Doris died in 1969.

10. Sheila Tracy – presenter, newsreader and musician


Sheila Tracy’s cheery voice through the night on Radio 2’s ‘Truckers’ Hour’ represented a time and a place in British radio.

Having studied music at the Royal Academy of Music, Sheila formed a vocal/trombone duo, The Tracy Sisters, who appeared in variety, on radio and television. Sheila was then appointed as on-screen announcer on BBC Television, moving to BBC Radio 4 in 1974. There, she became the station’s first ever female newsreader, reading her first bulletin in July 1975. “It was the midnight bulletin - so it didn’t cause too much fuss”, she said. The same year, she was one of four newsreaders chosen to take part in the experiments in parliamentary broadcasting.

Sheila became a regular and hugely likeable voice on Radio 2, bringing ‘Truckers Hour’ to the station, based on a format she’d witnessed on a visit to the USA. She introduced ‘Big Band Special’ – and would even join in with the trombone section.

Having left Radio 2 in 2000, she joined commercial radio, working on the digital station Primetime Radio – and continued expressing her love for big band with a show called Swing Time on the Saga Radio regional stations.

Sheila died in September 2014.

11. Hilda Matheson OBE – first director of Talks at the BBC

“Broadcasting may spread the worst features of our age as effectively as the best”.

Hilda met John Reith, the BBC’s first Director General, whilst working as political secretary for Lady Nancy Astor, Britain’s’ first female parliamentarian. Reith head-hunted her to assist the head of the BBC Education Department.

She became the first Director of Talks in 1927, establishing the first news department as the BBC began compiling its own news rather than rely on agencies. She moved the focus to reporting rather than simply reading bulletins and recognised that the radio medium demanded a more engaging style rather than formal talks and addresses. She was known to vet every script - and instruct presenters to speak as if conversing with a friend, rather than lecturing.

Under her direction, intellectuals such as HG Wells, Bernard Shaw, Virginia Woolf and the woman who would become her lover, the novelist Vita Sackville-West were given a platform.
She also launched ‘The Week in Westminster’ to inform on the workings of parliament following the extension of the vote to adult women; and organised the first live political leaders’ broadcast.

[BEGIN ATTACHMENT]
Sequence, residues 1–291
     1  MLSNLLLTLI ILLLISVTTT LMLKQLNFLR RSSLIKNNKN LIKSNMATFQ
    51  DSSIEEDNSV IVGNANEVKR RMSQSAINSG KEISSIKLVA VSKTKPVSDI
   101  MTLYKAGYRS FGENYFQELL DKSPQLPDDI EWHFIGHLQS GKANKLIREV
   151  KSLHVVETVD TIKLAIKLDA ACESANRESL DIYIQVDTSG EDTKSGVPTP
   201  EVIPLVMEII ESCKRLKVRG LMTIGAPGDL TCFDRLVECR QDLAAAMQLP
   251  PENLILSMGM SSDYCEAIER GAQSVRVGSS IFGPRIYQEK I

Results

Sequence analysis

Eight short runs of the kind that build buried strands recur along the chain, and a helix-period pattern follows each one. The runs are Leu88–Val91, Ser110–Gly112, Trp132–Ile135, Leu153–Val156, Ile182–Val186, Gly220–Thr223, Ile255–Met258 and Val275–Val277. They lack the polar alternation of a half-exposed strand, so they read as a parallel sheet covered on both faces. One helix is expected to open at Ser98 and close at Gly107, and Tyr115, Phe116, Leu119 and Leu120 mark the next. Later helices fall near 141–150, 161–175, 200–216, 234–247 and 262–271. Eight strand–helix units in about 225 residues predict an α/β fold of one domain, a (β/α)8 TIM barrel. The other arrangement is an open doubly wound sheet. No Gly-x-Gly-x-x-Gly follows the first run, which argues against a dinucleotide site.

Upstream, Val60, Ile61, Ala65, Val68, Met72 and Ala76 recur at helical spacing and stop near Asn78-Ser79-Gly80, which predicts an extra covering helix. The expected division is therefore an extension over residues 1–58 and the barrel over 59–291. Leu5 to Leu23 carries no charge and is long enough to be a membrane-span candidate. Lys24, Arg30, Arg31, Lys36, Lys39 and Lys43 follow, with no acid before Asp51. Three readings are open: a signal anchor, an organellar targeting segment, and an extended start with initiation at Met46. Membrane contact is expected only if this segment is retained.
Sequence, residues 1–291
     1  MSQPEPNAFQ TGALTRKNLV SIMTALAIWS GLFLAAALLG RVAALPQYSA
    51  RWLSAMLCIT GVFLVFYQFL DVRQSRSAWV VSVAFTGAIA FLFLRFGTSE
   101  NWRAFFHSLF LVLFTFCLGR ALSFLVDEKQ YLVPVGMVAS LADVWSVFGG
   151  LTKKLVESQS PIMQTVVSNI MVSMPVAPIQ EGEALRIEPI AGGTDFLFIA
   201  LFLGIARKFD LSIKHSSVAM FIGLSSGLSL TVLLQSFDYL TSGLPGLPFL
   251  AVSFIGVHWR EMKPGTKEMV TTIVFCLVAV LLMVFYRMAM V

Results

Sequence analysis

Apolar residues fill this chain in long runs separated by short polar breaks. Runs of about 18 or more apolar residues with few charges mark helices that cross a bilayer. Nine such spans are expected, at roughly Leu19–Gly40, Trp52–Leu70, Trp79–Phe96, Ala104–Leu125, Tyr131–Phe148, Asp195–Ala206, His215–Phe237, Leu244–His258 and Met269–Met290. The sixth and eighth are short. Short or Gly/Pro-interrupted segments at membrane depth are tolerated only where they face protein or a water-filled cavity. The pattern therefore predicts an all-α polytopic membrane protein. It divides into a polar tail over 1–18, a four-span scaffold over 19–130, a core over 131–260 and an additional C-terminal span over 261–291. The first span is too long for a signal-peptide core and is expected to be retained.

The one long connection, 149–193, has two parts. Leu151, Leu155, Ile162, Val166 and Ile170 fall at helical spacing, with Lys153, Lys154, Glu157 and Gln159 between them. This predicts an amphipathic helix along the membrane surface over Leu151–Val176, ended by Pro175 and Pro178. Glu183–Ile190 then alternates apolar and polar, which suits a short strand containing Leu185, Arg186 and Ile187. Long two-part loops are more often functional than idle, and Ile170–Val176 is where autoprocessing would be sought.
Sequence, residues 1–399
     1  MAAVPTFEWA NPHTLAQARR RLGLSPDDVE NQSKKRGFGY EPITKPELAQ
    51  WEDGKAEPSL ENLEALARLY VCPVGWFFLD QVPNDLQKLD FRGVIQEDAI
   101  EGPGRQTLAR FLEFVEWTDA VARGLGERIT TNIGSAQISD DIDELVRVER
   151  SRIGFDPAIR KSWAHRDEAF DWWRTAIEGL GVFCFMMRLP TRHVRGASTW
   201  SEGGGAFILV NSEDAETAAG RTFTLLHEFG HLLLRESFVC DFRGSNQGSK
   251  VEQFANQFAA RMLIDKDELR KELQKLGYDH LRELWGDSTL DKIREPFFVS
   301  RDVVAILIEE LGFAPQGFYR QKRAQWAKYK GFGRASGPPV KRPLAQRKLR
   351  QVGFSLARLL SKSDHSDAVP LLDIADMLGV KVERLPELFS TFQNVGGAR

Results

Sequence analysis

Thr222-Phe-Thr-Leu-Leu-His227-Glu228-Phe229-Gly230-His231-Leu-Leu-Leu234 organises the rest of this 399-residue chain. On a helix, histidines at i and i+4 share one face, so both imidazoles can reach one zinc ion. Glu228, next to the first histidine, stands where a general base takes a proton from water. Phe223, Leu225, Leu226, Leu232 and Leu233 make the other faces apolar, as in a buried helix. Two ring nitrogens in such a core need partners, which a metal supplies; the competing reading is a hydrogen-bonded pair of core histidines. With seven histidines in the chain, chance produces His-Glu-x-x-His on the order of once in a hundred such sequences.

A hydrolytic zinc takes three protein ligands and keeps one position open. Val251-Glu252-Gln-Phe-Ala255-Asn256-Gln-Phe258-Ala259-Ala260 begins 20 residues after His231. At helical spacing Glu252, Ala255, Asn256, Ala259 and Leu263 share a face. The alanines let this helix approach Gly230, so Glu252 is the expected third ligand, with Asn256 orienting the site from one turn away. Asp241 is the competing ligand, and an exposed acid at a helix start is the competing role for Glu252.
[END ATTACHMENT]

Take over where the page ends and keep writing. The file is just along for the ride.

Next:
After arguments with Reith, Hilda resigned from the BBC in 1932 and began working as the radio critic on the Observer and wrote the influential book called ‘Broadcasting’ which captured the march of technology. The first woman to write such a book, she asserted that broadcasting answered: “the need for rapid interchange of news and views, for familiarizing each country with the ideas and habits of all other countries, and above all the need for an education which may fit men and women, literate and illiterate, for the complicated world of tomorrow”.

She ran the Joint Broadcasting Committee during the War to counter German propaganda by broadcasting British opinion on foreign stations, which were in neutral European and Latin American countries, in German and Italian.

Hilda died aged 52 in October 1940.

12. Sheila Borrett - the first female announcer on the BBC

Sheila was the first ever female newsreader. Her tenure was famously short, being fired after just three months, owing to thousands of complaints from listeners uncomfortable with having a woman on the radio.

Sheila had been employed by the BBC as an actress, working on radio drama, although she hankered after an announcing job, a prestigious post usually reserved for men. These were days when newsreaders were an anonymous bunch who did not give their names, and it was feared a woman might be a little too conspicuous.

Her arrival as a newsreader in 1933 was trumpeted by the BBC, although the Radio Times observed “we foresee panic amongst the horsehair armchairs - retired colonels muttering darkly over their muffins”. In the event, over 10,000 listeners were said to have complained, most of them women.

Sheila continued in drama; and moved to the United States after the War. As Sheila Stewart, she continued broadcasting on radio and television until she was in her seventies.  She suggested it was her ''great foghorn of a voice'' which helped her become an announcer at a time when the technical quality was so bad that ''a woman's high-pitched voice was very displeasing to the ear”.

Sheila died in 1986.